The budget presentation was fairly uneventful, except for a couple of sticking points where committee members were digging for more information and expressing their discontent before moving on. The first was around the budget for school nutrition programs. You don't have to spend much time in education and budget hearings to know that many members of the legislature are less than impressed with the current school nutrition program and harbor a fair amount of resentment at having to go along with it, even though only 10% of the state school nutrition budget actually comes from the state.
The grumbling took a new direction this year, as members lamented details of the free and reduced lunch program. In a state where the overall average of participants in free and reduced lunch is around 50% and some districts are well over 80%, we certainly have something to lament. (Hint: it's our shameful child poverty rate) Unfortunately, this didn't lead to a discussion about how we can eradicate poverty and alleviate stress on our struggling families. Rather, it evolved into a conversation about the old adage "there's no such thing as a free lunch", and critique of a system of automatic eligibility for families already receiving public assistance. That, however, is a conversation for another day.
Finally, the Committee moved on to hear the rest of the budget. The next sticking point came around the discussion of charter schools and the Charter Public School Commission. With bills moving to expand charter schools anywhere in the state with no significant improvements in accountability and transparency, it was good to hear members of the committee expressing deep concern. This was a timely conversation, as it occurred the day after the state board had some difficulty in deciding what to do about a couple of struggling charter schools in our state right now. You can read more about that here.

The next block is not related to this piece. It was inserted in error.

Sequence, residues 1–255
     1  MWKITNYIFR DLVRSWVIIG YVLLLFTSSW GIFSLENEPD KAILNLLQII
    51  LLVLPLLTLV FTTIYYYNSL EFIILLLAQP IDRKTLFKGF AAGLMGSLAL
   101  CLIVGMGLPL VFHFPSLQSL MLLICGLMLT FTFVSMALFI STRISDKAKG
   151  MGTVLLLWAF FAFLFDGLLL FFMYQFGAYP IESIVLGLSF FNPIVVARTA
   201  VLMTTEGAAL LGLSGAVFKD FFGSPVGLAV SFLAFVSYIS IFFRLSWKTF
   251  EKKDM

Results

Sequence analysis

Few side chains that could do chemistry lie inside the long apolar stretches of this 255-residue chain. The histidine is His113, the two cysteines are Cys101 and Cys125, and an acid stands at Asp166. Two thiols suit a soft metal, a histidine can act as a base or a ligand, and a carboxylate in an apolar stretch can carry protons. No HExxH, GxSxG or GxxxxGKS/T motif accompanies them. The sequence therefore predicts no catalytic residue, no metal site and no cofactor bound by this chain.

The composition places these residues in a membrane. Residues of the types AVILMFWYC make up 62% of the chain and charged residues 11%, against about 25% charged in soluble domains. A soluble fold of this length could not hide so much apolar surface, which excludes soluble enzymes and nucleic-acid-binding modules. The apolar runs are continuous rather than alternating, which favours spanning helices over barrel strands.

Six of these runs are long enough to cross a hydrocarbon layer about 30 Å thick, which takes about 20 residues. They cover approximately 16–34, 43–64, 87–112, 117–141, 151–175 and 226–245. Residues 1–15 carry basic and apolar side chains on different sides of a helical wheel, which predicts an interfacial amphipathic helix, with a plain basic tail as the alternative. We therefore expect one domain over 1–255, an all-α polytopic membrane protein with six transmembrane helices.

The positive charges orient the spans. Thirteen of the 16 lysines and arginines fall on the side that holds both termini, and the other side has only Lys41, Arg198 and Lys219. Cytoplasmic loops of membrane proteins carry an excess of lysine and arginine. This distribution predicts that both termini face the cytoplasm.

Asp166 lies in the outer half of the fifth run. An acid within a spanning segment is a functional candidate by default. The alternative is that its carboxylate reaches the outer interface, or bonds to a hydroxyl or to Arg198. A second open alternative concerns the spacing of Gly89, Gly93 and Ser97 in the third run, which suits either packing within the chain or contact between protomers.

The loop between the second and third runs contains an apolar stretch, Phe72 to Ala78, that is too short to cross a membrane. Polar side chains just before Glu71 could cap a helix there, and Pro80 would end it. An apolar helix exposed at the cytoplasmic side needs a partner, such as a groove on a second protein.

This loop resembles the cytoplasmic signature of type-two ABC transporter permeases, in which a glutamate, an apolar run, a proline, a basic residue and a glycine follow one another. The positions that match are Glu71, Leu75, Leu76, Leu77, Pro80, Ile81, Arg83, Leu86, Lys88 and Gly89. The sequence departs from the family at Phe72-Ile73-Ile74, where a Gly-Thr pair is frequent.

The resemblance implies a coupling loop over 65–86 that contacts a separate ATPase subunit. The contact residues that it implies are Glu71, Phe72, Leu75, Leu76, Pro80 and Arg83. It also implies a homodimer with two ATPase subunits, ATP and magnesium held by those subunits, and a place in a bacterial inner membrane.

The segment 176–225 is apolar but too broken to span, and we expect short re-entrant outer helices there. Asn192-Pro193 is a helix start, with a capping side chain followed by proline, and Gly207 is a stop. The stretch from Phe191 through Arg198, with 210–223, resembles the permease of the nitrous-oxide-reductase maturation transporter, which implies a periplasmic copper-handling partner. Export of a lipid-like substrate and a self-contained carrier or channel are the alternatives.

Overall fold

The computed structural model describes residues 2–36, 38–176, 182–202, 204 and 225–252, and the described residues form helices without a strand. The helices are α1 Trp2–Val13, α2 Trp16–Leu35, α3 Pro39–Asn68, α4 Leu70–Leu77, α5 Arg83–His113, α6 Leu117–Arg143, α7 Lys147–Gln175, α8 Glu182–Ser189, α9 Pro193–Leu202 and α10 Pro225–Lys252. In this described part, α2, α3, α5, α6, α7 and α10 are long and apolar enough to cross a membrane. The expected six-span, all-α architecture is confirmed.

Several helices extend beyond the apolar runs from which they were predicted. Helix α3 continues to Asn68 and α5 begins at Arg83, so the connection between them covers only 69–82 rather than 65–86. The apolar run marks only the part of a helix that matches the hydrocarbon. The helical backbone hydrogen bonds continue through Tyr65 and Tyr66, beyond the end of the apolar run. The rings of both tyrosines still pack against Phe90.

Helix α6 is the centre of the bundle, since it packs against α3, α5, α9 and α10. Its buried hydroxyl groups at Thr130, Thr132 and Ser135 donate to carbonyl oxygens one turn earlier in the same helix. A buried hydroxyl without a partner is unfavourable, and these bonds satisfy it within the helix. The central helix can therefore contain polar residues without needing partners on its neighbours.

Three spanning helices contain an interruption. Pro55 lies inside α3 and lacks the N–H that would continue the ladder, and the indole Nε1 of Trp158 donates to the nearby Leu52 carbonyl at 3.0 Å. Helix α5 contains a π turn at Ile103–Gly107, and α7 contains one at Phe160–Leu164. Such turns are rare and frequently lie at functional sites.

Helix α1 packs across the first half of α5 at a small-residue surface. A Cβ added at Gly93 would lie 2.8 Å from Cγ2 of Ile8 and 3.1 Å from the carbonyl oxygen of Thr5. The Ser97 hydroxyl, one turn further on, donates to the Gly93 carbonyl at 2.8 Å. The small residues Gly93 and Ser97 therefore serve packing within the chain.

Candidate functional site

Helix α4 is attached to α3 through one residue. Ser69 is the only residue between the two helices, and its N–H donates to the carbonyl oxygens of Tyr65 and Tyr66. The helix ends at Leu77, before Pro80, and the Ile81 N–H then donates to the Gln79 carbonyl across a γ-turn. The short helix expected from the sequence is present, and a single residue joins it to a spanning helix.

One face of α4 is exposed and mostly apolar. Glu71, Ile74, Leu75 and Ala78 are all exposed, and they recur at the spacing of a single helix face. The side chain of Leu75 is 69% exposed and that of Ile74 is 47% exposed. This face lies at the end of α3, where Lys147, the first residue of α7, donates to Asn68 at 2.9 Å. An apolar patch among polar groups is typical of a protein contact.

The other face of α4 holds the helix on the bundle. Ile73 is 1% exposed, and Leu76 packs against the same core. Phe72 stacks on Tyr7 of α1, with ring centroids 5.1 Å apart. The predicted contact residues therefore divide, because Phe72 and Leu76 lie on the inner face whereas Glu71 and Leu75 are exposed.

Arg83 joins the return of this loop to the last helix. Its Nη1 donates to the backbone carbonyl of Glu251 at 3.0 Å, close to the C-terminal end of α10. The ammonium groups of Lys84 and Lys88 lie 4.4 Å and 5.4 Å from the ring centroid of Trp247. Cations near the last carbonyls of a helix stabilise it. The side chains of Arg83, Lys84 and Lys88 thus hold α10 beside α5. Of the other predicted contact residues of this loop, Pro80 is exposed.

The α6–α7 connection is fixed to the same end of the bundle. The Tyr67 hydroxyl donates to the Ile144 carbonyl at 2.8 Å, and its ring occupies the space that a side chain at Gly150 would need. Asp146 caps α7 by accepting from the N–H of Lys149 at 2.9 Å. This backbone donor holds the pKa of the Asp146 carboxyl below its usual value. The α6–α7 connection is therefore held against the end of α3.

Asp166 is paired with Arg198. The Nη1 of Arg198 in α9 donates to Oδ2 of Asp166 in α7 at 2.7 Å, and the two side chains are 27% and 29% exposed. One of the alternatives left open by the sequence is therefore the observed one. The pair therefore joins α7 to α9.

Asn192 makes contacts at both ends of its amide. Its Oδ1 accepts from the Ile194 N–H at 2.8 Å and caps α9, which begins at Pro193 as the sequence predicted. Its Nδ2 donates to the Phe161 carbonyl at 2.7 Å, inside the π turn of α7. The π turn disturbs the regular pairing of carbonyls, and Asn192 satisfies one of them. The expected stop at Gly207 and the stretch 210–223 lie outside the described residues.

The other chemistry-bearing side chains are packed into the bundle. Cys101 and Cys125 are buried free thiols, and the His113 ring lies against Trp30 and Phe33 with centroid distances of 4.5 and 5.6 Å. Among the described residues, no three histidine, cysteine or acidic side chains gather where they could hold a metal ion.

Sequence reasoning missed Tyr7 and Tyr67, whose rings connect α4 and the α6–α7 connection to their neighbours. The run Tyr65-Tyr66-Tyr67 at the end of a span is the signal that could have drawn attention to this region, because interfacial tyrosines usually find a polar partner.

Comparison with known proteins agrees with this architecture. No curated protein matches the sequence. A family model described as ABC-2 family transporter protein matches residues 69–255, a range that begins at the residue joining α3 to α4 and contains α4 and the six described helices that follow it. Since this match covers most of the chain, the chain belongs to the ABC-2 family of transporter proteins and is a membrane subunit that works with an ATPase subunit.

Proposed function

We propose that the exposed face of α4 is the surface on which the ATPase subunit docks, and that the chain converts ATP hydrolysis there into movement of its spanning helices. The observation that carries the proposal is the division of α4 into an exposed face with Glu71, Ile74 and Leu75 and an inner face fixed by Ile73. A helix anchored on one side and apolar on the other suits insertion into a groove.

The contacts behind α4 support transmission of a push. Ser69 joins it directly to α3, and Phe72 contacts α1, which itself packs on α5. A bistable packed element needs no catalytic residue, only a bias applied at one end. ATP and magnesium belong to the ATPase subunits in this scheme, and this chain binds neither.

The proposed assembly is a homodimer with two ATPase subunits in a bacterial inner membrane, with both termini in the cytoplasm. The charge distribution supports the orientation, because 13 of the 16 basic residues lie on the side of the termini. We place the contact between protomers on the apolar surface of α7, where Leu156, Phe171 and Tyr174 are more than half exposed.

The committee asked hard questions like: Have we created a system where the department and the state board have no real authority to do anything when a school is ineffective and students are suffering? If the state board can't do anything about this, then who can? How does a school exist for several years before anyone realizes that they have no written curriculum? Why is the Director of the Charter Public School Commission being paid $147K to oversee one school and review some applications? And my favorite, doesn't this situation conjure images of chickens, coops, and foxes?
Overall, this important conversation raised the question, the buck stops...where?
It's an important question that we should all be asking our own representatives and senators right now. Who will be able to clean up the mess when we've siphoned funds away from the institutions that have anchored our communities for generations, and invested instead in an "industry" that has demonstrated more failure than success?
Right now in our state, revenues continue to fall short of our needs, and cuts are being made that jeopardize even our children's ability to get to school. This is not a time to expand privately-run schools that divert public funds without accountability to or control by local communities. Will you be in touch with your elected representatives this week to remind them of this? If you don't know who is representing you and your district in the capitol, you can find out by using the "Find My Legislator" feature on the MNEA App on your iPhone or Android device.
When you contact them, please share these four points on needed reform before any expansion should be considered:
- Charter boards should be appointed or elected by a public entity.
- Local concerns should be carefully considered before a school is approved.
- Charter and district schools should plan together to meet demographic changes and specialized program needs for all students in the community.
- Charter schools should become a part of the community's school system under the authority of the locally elected school board.
Thanks for your time and attention to this important matter in the midst of all that you do!
Until next time, remember why you do what you do, teach with all you've got, and know that you are creating a better world, one student at a time!